This phenomenon of hips being harder to repair than knees has also been discussed from a scientific standpoint. For example, we know that the progenitor cells in hip joints are less likely to be able to repair than those found in knees (1). We also know that the extra-cellular matrix in hips is chronologically much older than in knees and is, therefore, less able to be able to heal cumulative damage (2).
Why Tell You Any of This?
If I wanted to maximize income for Regenexx, I wouldn’t be sharing any of this. In fact, I also wouldn’t have a registry at all. I would just find a few patients that responded well to a hip procedure and broadcast that everywhere I could. I would also find a cadre of social media influencers with hip problems and treat them all for free and then pay those that did well to recruit their followers to get hip procedures. However, that’s not how we roll.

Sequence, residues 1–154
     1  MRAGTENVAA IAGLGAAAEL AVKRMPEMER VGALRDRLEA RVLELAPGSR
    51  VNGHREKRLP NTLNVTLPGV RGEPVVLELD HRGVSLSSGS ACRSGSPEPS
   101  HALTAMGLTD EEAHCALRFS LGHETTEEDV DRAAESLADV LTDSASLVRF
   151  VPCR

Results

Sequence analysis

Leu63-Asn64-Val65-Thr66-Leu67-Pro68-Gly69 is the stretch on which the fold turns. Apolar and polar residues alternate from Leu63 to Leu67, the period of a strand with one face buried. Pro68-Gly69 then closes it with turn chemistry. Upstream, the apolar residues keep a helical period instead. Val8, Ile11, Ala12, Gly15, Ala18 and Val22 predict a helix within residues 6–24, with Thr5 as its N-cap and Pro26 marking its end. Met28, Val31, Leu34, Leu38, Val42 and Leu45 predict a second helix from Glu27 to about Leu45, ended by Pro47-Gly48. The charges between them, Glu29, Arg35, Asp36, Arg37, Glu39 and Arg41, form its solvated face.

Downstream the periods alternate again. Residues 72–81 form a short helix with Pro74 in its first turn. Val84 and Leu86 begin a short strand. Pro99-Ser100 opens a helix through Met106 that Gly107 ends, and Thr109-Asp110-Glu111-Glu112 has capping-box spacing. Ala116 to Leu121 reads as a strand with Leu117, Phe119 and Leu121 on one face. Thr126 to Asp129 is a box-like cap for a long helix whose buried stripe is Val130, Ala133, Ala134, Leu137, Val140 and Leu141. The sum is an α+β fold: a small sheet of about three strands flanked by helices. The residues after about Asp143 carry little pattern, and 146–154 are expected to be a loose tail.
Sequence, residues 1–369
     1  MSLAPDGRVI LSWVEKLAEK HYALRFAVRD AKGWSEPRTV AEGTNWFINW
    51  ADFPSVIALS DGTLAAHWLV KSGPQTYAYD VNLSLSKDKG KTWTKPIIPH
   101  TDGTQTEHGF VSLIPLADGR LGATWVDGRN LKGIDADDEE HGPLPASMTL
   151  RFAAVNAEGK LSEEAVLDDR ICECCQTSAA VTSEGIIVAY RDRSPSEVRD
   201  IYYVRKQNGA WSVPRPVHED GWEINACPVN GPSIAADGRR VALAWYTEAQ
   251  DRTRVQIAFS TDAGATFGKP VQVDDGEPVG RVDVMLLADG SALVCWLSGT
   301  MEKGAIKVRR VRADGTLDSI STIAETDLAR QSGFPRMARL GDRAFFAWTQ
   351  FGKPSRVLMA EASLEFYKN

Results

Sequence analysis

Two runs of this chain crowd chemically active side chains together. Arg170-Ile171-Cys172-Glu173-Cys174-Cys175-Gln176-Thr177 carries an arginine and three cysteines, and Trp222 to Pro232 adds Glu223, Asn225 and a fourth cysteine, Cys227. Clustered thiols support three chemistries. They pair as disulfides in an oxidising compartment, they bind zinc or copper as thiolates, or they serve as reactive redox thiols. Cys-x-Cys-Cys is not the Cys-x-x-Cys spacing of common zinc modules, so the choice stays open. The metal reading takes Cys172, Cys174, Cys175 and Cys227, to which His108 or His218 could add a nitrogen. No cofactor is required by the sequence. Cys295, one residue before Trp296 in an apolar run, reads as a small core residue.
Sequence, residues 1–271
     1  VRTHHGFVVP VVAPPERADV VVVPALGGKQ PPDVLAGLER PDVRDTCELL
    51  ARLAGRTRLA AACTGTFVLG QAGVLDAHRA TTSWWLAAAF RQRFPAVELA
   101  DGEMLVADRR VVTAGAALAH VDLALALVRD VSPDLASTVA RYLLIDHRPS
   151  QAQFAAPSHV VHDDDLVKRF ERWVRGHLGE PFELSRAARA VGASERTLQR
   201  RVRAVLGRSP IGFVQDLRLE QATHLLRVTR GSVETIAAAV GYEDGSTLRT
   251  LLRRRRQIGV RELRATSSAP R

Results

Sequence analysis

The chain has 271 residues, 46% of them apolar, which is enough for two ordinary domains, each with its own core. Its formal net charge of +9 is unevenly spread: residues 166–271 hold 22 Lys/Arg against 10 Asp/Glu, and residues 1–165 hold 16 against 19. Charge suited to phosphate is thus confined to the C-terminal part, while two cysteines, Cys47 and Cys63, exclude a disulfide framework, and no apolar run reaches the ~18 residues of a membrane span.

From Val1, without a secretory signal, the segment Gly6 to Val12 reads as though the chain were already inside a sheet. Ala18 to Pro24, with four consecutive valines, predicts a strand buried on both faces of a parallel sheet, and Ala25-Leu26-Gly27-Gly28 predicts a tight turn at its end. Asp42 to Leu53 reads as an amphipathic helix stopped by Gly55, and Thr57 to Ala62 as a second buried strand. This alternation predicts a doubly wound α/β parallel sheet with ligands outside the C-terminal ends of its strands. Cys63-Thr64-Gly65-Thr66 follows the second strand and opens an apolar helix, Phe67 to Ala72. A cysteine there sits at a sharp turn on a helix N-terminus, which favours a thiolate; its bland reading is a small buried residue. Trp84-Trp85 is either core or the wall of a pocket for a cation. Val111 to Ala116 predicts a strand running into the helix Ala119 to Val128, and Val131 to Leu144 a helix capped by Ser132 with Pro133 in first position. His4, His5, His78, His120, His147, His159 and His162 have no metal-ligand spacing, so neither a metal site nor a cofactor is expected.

Analyzing Registry Data
Having a registry is ridiculously expensive. Herding the physician cats to make sure they get surveys to patients before they get their procedure is hard work. In fact, my medical director dashboard just showed that I needed to remind several clinics to do a better job of that. Finally, analyzing this data takes hundred of hours.
For example, this past year we looked at the shoulder arthritis data. We did find two things that predicted a poorer prognosis after reviewing a huge number of MRIs and having one of our data scientists work that dataset. Ultimately, we didn’t publish those findings and decided to keep that in-house for our Regenexx providers. Meaning only they have access to that data to decide which shoulder patients should be placed into the “poor candidate” category.